I made the sliding door with a rabbet on the bottom. The weight of the door rests on the rabbet, not on the part of the door that fits into the track. The door does not touch the bottom of the track, so dust and crud in the track should not have much effect on the door’s movement. The need to cut this rabbet is one of the reasons I constructed the doors with rails (horizontal parts of the frame) running the full width instead of the more conventional manner, where the stiles (vertical parts of the frame) run the full height. The sliding doors move easily with a single finger in their hexagonal pulls.
The underside was never meant to be seen, but someone asked about how the wheels and skirt were constructed, so here’s an ugly shot from underneath showing the hidden wheels and the skirt (and secret dovetails). I made the skirt by gluing the front piece onto the cabinet and then gluing the side pieces on just at the front, and using screws through oval holes at the back to allow for wood movement.
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3 thoughts on “Bedroom Chest: Finished

  1. “The weight of the door rests on the rabbet, not on the part of the door that fits into the track. The door does not touch the bottom of the track, so dust and crud in the track should not have much effect on the door’s movement.” If I understand clearly what you’ve written, between the tongue and the groove, there is a gap. I don’t see, however, how this alone reduces the problems of crud and accumulation in groove. For this arrangement, keeping the groove cleaned out occasionally is still necessary. Did you consider drilling a through hole to allow for any such accumulation to move easily drop out through normal opening and closing actions? I’ve pondered how to best implement a sliding door section and my main problem is that any new user would need to relearn how to maintain this mechanism properly. I really like your decision to orient the foor panels horizontally in this arrangement. Would you mind posting some images of the wheels and the skirt arrangements work and how you came up with such a design if it’s not too much of a hurdle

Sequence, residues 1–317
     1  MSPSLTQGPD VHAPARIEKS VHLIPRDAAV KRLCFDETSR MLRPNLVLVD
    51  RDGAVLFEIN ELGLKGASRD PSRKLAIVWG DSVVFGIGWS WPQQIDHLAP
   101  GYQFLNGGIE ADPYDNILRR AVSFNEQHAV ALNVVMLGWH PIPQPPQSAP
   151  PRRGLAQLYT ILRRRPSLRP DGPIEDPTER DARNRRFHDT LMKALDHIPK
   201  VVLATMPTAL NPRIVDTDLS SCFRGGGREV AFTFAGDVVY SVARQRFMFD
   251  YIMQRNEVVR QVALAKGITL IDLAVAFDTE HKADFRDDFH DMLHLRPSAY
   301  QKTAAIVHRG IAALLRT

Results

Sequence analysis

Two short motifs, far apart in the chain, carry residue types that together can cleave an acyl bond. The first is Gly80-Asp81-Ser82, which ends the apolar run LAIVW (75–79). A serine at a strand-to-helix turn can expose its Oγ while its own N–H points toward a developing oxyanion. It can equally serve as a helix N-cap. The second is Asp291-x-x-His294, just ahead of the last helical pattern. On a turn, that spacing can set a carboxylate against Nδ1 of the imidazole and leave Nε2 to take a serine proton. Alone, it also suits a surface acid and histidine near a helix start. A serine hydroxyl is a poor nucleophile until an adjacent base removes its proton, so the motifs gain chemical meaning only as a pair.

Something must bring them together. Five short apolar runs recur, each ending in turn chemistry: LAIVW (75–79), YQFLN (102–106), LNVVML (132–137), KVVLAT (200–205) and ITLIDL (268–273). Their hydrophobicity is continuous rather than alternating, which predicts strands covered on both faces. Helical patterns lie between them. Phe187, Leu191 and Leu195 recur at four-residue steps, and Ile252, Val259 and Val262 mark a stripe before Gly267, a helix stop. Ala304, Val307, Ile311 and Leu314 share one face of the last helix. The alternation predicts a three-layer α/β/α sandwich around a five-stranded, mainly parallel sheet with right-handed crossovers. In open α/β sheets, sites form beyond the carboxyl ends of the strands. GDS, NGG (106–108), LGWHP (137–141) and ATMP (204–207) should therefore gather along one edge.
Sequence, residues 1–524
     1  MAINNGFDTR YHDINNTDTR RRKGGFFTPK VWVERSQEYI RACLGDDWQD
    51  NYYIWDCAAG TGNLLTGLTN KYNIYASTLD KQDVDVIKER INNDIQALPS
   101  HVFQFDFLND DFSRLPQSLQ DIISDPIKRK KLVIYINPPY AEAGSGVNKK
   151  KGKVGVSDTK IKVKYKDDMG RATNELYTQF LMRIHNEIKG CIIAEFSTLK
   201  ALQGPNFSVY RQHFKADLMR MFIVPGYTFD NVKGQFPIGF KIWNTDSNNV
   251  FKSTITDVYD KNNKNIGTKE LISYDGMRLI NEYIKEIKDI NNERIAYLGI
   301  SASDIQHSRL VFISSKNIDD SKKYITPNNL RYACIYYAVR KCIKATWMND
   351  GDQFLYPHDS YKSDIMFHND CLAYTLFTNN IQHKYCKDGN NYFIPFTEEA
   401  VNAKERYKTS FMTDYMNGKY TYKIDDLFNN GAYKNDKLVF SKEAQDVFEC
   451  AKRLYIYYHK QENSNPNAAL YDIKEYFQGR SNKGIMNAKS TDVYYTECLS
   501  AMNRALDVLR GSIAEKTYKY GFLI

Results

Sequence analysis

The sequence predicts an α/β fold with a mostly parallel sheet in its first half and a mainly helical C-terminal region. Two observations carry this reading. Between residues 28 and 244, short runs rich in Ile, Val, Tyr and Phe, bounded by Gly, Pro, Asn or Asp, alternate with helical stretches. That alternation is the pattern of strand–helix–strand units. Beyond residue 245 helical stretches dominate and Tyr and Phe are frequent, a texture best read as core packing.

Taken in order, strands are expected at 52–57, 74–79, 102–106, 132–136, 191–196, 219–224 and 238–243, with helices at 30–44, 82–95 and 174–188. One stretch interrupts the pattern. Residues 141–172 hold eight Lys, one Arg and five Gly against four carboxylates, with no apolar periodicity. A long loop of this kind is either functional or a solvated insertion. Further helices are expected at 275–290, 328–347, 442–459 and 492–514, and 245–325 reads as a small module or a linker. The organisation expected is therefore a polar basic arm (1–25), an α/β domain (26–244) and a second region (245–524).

• Yes, the tongue does not fill the groove, so there is a space at the bottom of the groove. Time will tell how well this works. It seems like a lot of crud will have to accumulate before it will affect the movement, and even then it will mainly affect closing at the ends. It also seems like the need for cleaning will be pretty obvious, and a pretty half-dash cleaning job will suffice to get it working again. If the tongue bottomed out in the groove it wouldn’t take much crud to degrade the delightful smooth motion of the doors, and the cleaning would have to be better done. The idea of drilling “drainage holes” did not occur to me. It seems like it would probably work, except for maybe hair? But I think it would look funny. I posted an underside shot showing the skirt and wheels. Are you asking how I came up with that idea? I wanted to hide the unsightly wheels. I have seen office furniture with invisible wheels, so the idea of putting wheels behind the skirt was obvious. But we needed to be able to access the brakes on the back wheels, so I had to leave a space for the back wheels outside the skirt.